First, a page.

In patients with hemophilia A, the concomitant use of Mim8 with factor VIII (FVIII) or activated factor VII (FVIIa) is safe for the management of breakthrough bleeding episodes, according to findings from a study published in the Journal of Thrombosis and Haemostasis.

It is well known that although the gold standard of hemophilia A treatment has been replacement therapy with FVIII, unmet therapeutic needs remain. Ongoing issues include venous access, patient adherence, and the use of prophylactic treatment. Patients with hemophilia A are often further burdened by the development of neutralizing antibodies (ie, inhibitors).

The researchers sought to evaluate the response of Mim8—a next-generation, subcutaneously administered, FVIIa mimetic, anti-FIXa/anti-FX bispecific antibody in clinical development as prophylaxis for individuals with hemophilia A with or without inhibitors—in thrombin-generation assays (TGAs). Recognizing that patients receiving treatment with Mim8 may require supplementary bleed therapy in situations as major trauma or surgery, their aim was to better understand the in vitro effects of Mim8 alone or combined with other hemostatic agents.

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They collected a congenital hemophilia A plasma pool (ie, FVIII level of <1%), along with plasma from a single donor with severe hemophilia B (ie, FIX level of <1%) from George King Bio-Medical Inc.

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The most common TGAs were used to assess the similarities and differences in the mode of action between FVIII and Mim8. The 2 molecules were compared via use of human FXIa or tissue factor as an activator. Next, the results of mixing Mim8 with the main bleeding treatment options for patients with hemophilia A with or without inhibitors were evaluated—that is, FVIII, FVIIa, and activated prothrombin complex concentrates (aPCC).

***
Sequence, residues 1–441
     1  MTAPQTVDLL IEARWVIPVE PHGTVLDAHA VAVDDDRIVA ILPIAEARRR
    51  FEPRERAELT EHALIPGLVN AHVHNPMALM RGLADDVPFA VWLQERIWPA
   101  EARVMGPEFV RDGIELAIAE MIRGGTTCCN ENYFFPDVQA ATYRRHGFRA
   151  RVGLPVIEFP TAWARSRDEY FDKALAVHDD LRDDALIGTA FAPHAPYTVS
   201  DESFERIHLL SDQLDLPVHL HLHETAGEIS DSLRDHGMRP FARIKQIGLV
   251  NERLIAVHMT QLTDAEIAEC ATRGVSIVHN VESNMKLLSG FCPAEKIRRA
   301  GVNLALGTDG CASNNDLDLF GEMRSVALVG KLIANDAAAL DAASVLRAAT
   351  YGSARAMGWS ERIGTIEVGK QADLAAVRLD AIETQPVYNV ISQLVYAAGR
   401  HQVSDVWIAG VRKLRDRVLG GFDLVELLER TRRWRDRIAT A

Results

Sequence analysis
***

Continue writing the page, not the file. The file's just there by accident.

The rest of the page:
Because “Mim8 and FVIII both stimulate FIXa-mediated activation of FX on a procoagulant lipid surface, they could be expected to compete for binding FIXa and FX,” the authors said. TGAs that were activated with FXIa or tissue factor were used to examine the effect of mixing variable levels of FVIII and Mim8.

Results of the study showed that with both triggers—FXIa and tissue factor—FVIII and Mim8 exhibited a concentration-dependent increase in thrombin peak height. For patients without inhibitors, Mim8 did not interfere with the mode of action of FVIII. For individuals with inhibitors, in contrast, Mim8 combined with aPCC was associated with a strong synergistic effect that induced thrombin generation greatly exceeding normal levels. Combining Mim8 with FVIIa, on the other hand, was associated with a more controlled addictive effect, which can be detected only when tissue factor is used as a trigger and does not exceed the normal levels of thrombin generation.

“Differences in Mim8 and FVIII are visible in TGAs and using different triggers reflects differences in mechanisms of action,” the researchers explained. “[T]he data suggest that treatment with Mim8 may be of benefit for persons with moderate to mild hemophilia A, as it enhances TG up to 0.3 IU/mL FVIII. However, concomitant use with aPCC carries a potential risk for thrombotic microangiopathy and thrombotic event development[,] and should be accompanied with caution,” they concluded.


Lund J, Jensen K, Burnier L, Ezban M. In vitro effects of combining Mim8 with factor VIII, FVIIa, and activated prothrombin complex concentrates in thrombin generation assays. J Thromb Haemost. Published online April 8, 2023. doi:10.1016/j.tha.2023.03.007